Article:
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Is your dog scratching a lot?

February 6, 2018

Of course it is normal for dogs to scratch, but a sudden and intense bout can be a sign of an allergic reaction. As such, it is important you determine why the dog is scratching, especially if the behavior is repetitive, prolonged, or intense in nature.


What To Watch For


A sudden, intense bout of scratching, especially for a prolonged period of time or during nighttime hours when sleeping should naturally take precedence. This may manifest as itching, biting, licking, and/or chewing of one or more parts of the body (also known as "pruritus").


Primary Cause


Allergies, mites, skin infections, and minor insect bites are the most common causes of intense scratching.


Immediate Care


Note: Uncontrolled scratching can lead to self-inflicted injuries or, rarely, in the case of some allergic reactions, to anaphylactic shock.


  1. Restrain the dog.

  2. Check the skin, especially in the itchiest areas.

  3. If you can identify the cause of the itching -- as with insects or spiders -- remove it.

  4. Apply cold compresses to the itchiest areas for about 15 minutes.

  5. Oatmeal shampoos may be of some temporary relief in many cases.

  6. If the dog’s scratching is intense, administer an antihistamine (call your veterinarian for the correct dose).

  7. If the scratching continues, gets worse or has no apparent cause, take the dog to the veterinarian for a full physical exam and basic laboratory testing.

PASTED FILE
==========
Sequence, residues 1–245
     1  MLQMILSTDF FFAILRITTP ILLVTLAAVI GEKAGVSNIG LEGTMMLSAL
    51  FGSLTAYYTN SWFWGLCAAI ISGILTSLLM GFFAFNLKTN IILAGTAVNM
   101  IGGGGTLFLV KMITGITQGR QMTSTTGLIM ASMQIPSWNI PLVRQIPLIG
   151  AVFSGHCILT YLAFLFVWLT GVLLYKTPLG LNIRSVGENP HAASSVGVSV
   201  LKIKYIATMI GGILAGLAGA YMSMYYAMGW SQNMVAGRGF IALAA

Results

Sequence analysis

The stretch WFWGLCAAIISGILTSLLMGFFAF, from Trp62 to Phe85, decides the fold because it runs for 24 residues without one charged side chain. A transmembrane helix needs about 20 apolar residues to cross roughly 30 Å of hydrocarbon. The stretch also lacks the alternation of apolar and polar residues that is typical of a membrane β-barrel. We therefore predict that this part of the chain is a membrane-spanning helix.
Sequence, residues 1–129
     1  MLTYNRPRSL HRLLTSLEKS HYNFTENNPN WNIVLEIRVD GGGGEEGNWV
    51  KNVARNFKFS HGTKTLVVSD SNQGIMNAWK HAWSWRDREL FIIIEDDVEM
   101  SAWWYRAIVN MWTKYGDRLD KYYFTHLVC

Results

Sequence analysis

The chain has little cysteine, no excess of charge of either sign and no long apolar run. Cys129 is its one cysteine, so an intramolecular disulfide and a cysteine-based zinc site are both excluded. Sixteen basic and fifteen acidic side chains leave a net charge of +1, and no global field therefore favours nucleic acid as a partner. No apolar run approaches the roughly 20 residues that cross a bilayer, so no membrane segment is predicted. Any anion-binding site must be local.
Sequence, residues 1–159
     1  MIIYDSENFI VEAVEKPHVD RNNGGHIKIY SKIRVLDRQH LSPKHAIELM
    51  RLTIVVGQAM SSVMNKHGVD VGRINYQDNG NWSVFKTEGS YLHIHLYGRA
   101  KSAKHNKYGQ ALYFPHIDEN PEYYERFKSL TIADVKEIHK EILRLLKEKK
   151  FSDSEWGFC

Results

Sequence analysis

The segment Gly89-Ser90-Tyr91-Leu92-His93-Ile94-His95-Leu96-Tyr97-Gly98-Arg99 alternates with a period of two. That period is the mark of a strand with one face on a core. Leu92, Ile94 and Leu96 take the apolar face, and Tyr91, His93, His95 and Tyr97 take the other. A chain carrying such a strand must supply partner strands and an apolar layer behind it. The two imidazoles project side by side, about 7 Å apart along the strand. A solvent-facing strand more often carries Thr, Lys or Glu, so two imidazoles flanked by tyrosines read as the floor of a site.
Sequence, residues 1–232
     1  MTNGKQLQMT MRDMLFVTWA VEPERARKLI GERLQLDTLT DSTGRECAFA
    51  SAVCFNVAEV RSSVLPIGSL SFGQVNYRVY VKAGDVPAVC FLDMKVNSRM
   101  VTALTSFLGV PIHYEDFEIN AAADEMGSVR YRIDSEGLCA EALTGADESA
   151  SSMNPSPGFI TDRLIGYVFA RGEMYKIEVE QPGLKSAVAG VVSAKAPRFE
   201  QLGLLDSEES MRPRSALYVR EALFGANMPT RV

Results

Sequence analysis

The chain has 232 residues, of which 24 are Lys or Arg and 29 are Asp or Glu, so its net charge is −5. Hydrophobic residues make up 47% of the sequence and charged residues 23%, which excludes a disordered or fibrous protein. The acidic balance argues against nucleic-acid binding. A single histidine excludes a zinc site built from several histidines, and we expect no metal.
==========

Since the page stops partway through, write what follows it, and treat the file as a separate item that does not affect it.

Veterinary Care




Diagnosis invariably involves skin scrapes, impression smears, ear swabs, and other basic methods to analyze the skin and its potential parasites/infectious agents. Response to treatment with certain products/drug is another helpful resource that may prove necessary. Allergy testing through food trials and blood or skin tests may be necessary as well.




The treatment for scratching, itching, chewing, licking, biting (also known as pruritus) requires an initial diagnosis. Only then can the approach to treatment be determined. Treatment may include anything from shampoos, dips, and cream rinses to antibiotics, antifungals, parisitacides, and immunosuppressants (like corticosteroids and cysclosporine). Food restriction and hyposensitization protocols may also be in order (as for food and environmental allergies, respectively).




Fleas and some mites may be prevented with a variety of over-the-counter and prescription medications. Ask your veterinarian for a product and/or drug recommendation. Otherwise, allergies have no specific means of prevention. 




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